New E-Mail Authentication Spec Submitted to IETF

The Domain Keys Identified Mail standard uses public key cryptography to sign e-mail messages, allowing receiving domains to identify legitimate senders and weed out spam and phishing e-mail with spoofed addresses.

A group of leading technology companies that includes Microsoft Corp., IBM, Yahoo Inc. and Cisco Systems Inc. has submitted a new e-mail authentication standard to the Internet Engineering Task Force for consideration, eWEEK has learned.

The specifications for DomainKeys Identified Mail, or DKIM, were submitted to the IETF on Monday for consideration as a new e-mail authentication standard. DKIM has been in development since August and combines technology from Yahoo and Cisco. In addition to backing the new standards, the authoring companies plan to license it for free and may release it to the open-source community, according to information provided to eWEEK by the group.

The new DKIM standard will be available as an IETF Internet Draft through the organizations Web site in the near future, said Eric Allman, chief technology officer at Sendmail Inc.

Allman is part of a core working group that created the DKIM specification. The group includes representatives from PGP Corp., Yahoo and Cisco.

Discussions of DKIM will be part of the 63rd IETF meeting in Paris, which begins on July 31, 2005, according to the group.

DKIM uses public key cryptography to sign e-mail messages, allowing receiving domains to identify legitimate senders and weed out spam and phishing e-mail with spoofed addresses. The specification combines elements of Yahoos DomainKeys technology and Ciscos Internet Identified Mail technology.

As with DomainKeys, e-mail domain owners will generate a public and private cryptographic key pair, then publish the public key in their DNS (Domain Name System) record. The private key is stored on their e-mail servers. Components of Ciscos Identified Internet Mail header-signing technology will be used to sign messages, said Miles Libbey, anti-spam product manager at Yahoo.

E-mail administrators will have to install a software plug-in that supports DKIM on their mail servers, but the change will be easy to implement, especially for domain owners who have already set up DomainKeys, Libbey said.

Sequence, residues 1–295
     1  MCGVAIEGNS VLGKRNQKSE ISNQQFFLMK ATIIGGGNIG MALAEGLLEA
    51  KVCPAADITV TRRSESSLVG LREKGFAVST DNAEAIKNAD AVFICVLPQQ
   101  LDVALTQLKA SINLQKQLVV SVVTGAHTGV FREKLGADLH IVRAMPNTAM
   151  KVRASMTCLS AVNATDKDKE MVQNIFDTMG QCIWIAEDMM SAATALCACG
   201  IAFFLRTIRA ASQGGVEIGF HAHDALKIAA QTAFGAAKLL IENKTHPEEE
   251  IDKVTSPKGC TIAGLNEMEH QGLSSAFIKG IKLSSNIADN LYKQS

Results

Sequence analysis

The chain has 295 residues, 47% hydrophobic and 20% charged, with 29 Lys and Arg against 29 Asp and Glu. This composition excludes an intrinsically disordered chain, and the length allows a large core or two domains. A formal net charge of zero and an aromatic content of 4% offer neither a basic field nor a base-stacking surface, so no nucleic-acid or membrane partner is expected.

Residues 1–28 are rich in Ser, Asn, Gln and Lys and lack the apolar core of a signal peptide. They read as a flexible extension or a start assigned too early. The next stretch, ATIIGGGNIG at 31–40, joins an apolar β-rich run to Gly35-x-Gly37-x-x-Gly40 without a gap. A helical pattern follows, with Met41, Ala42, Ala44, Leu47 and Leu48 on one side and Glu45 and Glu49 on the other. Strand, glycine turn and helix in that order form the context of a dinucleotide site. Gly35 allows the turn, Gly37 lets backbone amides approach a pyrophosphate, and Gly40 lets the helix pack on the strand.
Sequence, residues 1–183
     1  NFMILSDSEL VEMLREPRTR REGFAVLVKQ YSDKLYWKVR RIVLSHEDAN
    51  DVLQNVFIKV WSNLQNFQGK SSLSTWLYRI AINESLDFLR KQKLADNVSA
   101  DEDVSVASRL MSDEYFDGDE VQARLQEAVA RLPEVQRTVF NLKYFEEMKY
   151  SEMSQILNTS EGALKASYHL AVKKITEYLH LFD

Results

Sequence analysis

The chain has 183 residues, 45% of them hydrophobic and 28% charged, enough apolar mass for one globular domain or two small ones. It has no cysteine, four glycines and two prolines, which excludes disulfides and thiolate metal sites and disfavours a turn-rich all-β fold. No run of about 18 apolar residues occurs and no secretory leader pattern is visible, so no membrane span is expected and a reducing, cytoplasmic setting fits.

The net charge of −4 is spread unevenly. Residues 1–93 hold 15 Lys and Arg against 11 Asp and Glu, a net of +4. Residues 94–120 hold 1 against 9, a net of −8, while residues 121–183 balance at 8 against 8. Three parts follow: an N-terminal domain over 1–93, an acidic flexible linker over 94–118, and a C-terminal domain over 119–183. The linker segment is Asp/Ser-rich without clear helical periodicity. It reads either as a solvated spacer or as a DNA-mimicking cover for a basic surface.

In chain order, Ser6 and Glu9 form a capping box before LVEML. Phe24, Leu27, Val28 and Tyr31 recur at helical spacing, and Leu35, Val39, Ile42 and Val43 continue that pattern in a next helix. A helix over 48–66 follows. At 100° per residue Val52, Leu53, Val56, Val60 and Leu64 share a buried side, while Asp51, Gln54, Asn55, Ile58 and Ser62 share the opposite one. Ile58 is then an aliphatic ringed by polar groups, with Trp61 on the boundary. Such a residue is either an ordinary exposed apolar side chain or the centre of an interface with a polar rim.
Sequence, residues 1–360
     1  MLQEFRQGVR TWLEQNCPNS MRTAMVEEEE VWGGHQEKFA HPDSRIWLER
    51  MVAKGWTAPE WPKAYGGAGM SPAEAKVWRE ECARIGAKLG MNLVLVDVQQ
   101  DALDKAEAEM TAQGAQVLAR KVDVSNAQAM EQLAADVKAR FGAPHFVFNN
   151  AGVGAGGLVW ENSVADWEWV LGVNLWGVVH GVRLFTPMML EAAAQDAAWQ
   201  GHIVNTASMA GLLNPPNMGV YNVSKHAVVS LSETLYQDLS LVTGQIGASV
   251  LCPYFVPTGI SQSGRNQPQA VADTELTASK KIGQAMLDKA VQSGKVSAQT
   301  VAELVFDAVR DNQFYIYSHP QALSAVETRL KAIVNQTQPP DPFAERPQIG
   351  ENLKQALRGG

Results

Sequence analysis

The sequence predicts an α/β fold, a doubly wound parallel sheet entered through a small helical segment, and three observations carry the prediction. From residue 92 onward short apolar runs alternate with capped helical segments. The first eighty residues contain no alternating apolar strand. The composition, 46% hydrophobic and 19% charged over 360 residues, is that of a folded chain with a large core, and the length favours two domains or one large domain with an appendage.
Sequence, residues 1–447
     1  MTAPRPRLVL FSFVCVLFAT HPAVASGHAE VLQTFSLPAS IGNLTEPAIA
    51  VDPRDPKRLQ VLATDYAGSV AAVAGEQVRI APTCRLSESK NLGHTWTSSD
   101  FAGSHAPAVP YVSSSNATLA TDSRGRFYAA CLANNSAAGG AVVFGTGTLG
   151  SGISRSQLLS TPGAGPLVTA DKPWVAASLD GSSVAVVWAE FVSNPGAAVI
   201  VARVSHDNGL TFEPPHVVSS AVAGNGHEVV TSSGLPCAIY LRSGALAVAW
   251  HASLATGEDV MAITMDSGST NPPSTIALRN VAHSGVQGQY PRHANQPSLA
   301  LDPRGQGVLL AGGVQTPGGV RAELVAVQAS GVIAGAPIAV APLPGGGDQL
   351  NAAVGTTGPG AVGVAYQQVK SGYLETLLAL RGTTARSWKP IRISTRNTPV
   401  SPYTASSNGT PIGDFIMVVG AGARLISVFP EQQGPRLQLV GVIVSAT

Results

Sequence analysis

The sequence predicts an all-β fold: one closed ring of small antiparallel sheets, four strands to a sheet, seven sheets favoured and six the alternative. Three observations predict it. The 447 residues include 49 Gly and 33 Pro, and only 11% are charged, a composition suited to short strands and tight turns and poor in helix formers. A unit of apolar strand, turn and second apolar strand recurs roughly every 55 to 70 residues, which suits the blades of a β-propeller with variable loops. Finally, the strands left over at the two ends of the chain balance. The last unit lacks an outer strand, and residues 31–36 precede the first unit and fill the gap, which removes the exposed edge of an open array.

Leading e-mail server makers such as Sendmail Inc. are pledging to release DKIM plug-ins for their products.

"We wanted to make it as easy as possible to make the transition from DomainKeys to DKIM," Allman said.

DKIM could become a widely accepted standard for securing e-mail communications and thwarting e-mail forgery and phishing attacks, said Jim Fenton, distinguished engineer at Cisco and one of the authors of the new specification.

"A lot of people in the past have said the future is to put cryptographic signatures in [e-mail] messages. So were trying to present the future here. And we believe the future is now."

The announcement comes as leading e-mail experts are gathering in New York City this week to encourage organizations to implement e-mail authentication technology such as DomainKeys, or Microsofts SIDF (Sender ID Framework).

/zimages/6/28571.gifClick here to read about the Sender ID wars.

Fenton and Libbey acknowledged that unveiling the DKIM specification on the eve of the Summit could complicate matters because DKIM isnt ready for deployment, though it has been tested in three trial deployments by Sendmail and Cisco to shake out problems in the specifications, Fenton said.

"Is DKIM available now? No. But enterprises should start planning for it and start putting infrastructure in place to use it when it is available," he said.

Even when it is ready for deployment, DKIM will be one layer of a multilayered solution for problems such as spam and phishing that also includes SPF and SIDF, Fenton said.

"Its like trying to stop crime, said Libbey. "Its silly to have locks on your doors, but no police force. You never want only one defense."

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